Zubeyde Zumrut, the Diyarbakir chairwoman of the People’s Democratic Party, which controls most of the elected offices in the area and is close to the PKK, denies that her organization bears the responsibility for the violence that day. She said statements urging people to come to the streets, issued first by the party’s office in Ankara, Turkey’s capital, and then by the regional office, weren’t any different from previous calls for demonstrations to influence events.
“We are not telling them to come out and shoot and rape,” she said. “They came out unarmed. We are always encouraging people to engage in acts, such as street marches.”
Still, many here assert the language was incendiary. The national party’s statement Oct. 6 called for “all our people, from 7 to 70, to go out on the streets, seize open spaces and take action.” The next day, the PKK’s youth wing, the Patriotic Democratic Youth Movement, tweeted that members of Huda-Par, a Kurdish Islamist political party, should be “executed on sight.”
That is what happened in the Baglar district, one of the city’s poorest. A mob confronted five young men affiliated with Huda-Par who were distributing free meat to the poor on the Muslim Feast of the Sacrifice, which commemorates the story of Abraham’s willingness to sacrifice his son at God’s behest. It’s a tale that the Quran and the Hebrew Bible share.
Yusuf Er, who was the sole survivor of the group distributing food, said the mob immediately fixated on the beards that four of the charity workers wore: Huda-Par, like Erdogan’s Justice and Development Party, stresses Islamist values, while the PKK is avowedly secularist. “These people are ISIS,” he said the crowd shouted, using an abbreviation for the Islamic state.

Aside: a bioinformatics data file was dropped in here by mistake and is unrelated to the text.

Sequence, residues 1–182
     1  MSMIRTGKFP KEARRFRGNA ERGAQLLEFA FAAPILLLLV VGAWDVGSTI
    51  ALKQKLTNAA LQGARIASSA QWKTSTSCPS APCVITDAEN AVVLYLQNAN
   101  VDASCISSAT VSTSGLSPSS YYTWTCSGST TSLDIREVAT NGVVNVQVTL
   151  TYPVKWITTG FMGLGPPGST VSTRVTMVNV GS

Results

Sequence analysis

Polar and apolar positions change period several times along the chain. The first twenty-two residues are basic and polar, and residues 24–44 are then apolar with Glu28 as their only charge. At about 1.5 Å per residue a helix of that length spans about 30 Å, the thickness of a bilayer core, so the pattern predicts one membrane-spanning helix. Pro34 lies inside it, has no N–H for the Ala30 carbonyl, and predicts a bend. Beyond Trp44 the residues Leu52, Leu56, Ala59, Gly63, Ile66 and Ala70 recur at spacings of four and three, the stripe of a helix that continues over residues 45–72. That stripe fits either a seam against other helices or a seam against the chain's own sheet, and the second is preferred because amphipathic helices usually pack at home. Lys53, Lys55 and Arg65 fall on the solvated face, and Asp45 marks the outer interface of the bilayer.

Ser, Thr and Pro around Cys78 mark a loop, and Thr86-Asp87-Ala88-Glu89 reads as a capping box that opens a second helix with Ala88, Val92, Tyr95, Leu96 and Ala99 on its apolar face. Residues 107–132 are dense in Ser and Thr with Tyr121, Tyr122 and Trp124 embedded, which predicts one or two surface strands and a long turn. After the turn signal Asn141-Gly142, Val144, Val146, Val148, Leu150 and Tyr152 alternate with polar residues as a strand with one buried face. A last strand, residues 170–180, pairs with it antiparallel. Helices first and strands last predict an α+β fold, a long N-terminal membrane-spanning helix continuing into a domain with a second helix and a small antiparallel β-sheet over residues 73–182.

Er said he and his friends tried to reason with the crowd, displaying the meat and the list of people they were to distribute it to, without success. Some in the crowd began to throw rocks. Er said he heard three shots.
The five fled to a nearby building and sought refuge in an apartment, but the mob followed and tried to break in. Er said he repeatedly called the police but that they refused to come. He called his father, who went to a police station but couldn’t convince the officers to act.
One of their pursuers went to the roof of the building and rappelled down a rope to enter the apartment, where he started shooting at Er’s friends. The assailant opened the door and let the mob in. Er escaped, but his four friends were shot and their bodies thrown off the balcony onto the street, where they were run over by vehicles, doused with gasoline and set alight.
Er, his arm bandaged and with bruises all over his body, seemed still in a state of shock when he told his story to McClatchy in a 90-minute interview at a Huda-Par office more than two weeks after the attack.
There have been no arrests yet, but the authorities say they know what happened.